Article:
Survivor Stories 2013:
How did you first find out you had cancer?
I received results from a routine mammogram. I had to return after the initial mammogram for diagnostic mammograms and then a biopsy. But because I had been through that before, and it had previously turned out not to be cancer, I tried to convince myself that this time would have the same outcome (not cancer). When I went in for the biopsy results in Feb 2013, that’s when they told me it was cancer.
How did you react when you heard the news?
I cried when the doctor entered the room with the nurse. Because I had received benign news from a biopsy in the past (in which only the nurse was there), I knew that when the doctor entered the room with the nurse, it was different than last time and this meant it was bad. The doctor asked if I needed my son (age 7) to leave the room. That’s when I started crying harder, because I knew what that meant. I did try to stay focused on all the details of the information that they gave me. And I remember thinking what a great job the nurse was doing at sharing with me the information in a respectful, kind, informative way. I remember thinking she must have a lot of experience sharing this awful news with women. I found myself drifting off a few times, but trying to refocus quickly on the important things she was saying.
What course of treatment were you prescribed?
Lumpectomy with radiation was what the doctor’s recommended. I initially thought I wanted a bilateral mastectomy, but based on the information given by the doctor’s, I decided that lumpectomy with radiation was best for me. Upon finding the cancer had spread to my lymph nodes, chemotherapy was added to my treatment plan. Four rounds of Adriamycin/Cytoxan and four rounds of Taxotere. Due to my young age, the chemotherapy was given more frequently, so I received treatments once every two weeks. After chemotherapy, I will have 5 weeks of radiation, 5 times per week. Then I will take an anti-hormone pill every day for 5 years. And I will have a hysterectomy.
What most surprised you about your treatment?
The nausea. Now a days you hear so much about the anti nausea pills and medications. I was extremely nauseous and extremely tired. I didn’t know before all this started how long the treatment plan is for breast cancer.
What would your advice be to anyone who’s just received a cancer diagnosis?
As scared as you are, it will be okay. Treatment is doable, survivable. It’s not pleasant. But I (and you) can survive and conquer this illness. My nurse said to me, “it’s a blip in time”. In the long journey of life, this is a short, small blip.
How long have you been cancer free?
I am celebrating 6 months of survivorship. I would say they took the cancer out April 16, 2013, but I am still in treatment.
What lessons did you learn from the experience?
To be grateful, and humble. To enjoy life each day, because our days are not guaranteed to us. I wouldn’t say I wanted cancer or am glad that I had it, but it has taught me things about my life, myself and my family that I am grateful for. I once listened to a guided imagery CD that said it perfectly “I tell the cancer these things: thank you for teaching me to stop and listen, thank you for reminding me of what is truly important- you can go now.”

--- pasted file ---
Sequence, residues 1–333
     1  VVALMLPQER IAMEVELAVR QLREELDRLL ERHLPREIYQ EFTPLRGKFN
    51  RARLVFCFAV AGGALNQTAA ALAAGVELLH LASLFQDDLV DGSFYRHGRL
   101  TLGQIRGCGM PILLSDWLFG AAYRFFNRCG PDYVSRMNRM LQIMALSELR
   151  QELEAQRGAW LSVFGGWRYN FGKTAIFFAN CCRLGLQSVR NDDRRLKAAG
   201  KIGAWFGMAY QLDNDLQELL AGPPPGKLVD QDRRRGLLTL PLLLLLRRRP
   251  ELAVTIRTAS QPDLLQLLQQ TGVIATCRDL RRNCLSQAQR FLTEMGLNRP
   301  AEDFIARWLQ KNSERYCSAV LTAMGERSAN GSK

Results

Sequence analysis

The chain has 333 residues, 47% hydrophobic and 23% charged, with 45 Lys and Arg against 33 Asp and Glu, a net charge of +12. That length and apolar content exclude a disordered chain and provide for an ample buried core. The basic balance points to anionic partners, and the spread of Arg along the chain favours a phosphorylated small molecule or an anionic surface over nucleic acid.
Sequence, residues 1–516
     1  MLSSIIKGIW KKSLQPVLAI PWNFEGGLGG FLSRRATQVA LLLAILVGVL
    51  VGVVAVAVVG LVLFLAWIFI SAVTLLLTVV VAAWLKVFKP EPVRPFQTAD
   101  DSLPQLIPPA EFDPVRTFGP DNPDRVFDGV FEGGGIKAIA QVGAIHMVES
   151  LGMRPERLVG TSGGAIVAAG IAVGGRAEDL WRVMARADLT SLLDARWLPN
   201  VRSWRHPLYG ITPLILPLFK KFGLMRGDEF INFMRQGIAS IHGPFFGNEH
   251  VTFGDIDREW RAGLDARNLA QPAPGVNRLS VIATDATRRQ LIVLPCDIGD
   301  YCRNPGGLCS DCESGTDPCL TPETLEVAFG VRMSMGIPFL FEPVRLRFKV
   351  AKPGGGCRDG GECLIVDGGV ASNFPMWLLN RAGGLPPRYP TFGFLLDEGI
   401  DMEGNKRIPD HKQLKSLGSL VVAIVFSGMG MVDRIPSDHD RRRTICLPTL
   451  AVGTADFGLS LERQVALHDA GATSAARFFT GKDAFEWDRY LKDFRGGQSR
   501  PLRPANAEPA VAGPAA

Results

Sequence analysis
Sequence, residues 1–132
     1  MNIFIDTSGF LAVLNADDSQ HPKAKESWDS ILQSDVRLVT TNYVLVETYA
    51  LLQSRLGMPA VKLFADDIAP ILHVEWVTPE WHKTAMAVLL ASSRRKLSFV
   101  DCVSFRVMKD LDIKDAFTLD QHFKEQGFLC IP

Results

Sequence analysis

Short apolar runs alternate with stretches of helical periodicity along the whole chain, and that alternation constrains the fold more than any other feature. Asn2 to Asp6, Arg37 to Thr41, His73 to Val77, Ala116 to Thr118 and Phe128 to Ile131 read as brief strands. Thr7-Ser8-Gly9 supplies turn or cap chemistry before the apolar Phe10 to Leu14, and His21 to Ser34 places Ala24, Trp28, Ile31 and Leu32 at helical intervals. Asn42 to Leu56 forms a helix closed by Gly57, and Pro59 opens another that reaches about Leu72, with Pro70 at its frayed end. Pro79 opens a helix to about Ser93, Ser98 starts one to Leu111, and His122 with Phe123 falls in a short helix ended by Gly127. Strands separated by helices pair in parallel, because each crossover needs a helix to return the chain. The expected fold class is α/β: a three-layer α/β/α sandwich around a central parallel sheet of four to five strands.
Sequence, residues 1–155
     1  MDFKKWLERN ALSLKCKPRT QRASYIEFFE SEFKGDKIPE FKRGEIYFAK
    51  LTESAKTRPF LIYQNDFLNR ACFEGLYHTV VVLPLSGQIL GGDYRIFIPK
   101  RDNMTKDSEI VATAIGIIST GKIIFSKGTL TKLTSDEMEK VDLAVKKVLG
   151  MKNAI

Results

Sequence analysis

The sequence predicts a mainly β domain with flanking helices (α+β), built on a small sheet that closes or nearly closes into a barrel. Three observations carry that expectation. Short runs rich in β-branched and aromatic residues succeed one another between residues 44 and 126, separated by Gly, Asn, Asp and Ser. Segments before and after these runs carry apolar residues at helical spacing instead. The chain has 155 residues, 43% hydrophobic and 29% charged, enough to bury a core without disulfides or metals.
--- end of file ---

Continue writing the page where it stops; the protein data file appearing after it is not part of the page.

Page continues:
If you could send one message to all the Good Enough Mothers out there – what would it be?
We do the best we can in any given moment with what we are given. We should not expect more of ourselves than that.
I now understand, we get it when we need it. I wasn’t ready before now to belong to a support group. But since joining the Young Survivors Group, it has been powerful and encouraging, uplifting and validating. But the experience would not have been the same had I not been ready for it. Give yourself the time and space you need and deserve.
In February of this year, at the age of 38, I was diagnosed with Stage 2A Breast Cancer after discovery of the tumor through a routine mammogram. Due to my family history of breast cancer, I had been doing mammograms since the age of 36. At 36, I needed a biopsy, but it was not cancer, only fibroidal tissue. This time, it was cancer. Infiltrating ductal cell carcinoma. Determined to be no more than one year old, because of my previous years mammogram, it was said to be caught early and and early detection is key. I was tested for the gene mutation, which I do not carry. I had a right side breast lumpectomy as well as breast reduction on both the right and left breasts. Because I did have one lymph node test positive for cancer, it was decided I would need chemotherapy. My treatment plan is lumpectomy, 4 months chemotherapy, 5 weeks radiation and then a hysterectomy because my tumor is er, pr positive and grows from hormones. Overall, my treatment plan will take about 9 months to 1 year to complete. Midway through my cancer treatment, I lost my job of 13 years and my healthcare insurance, due to my inability to work while in treatment. It has been a rough road to recovery, but one I am fighting for every day.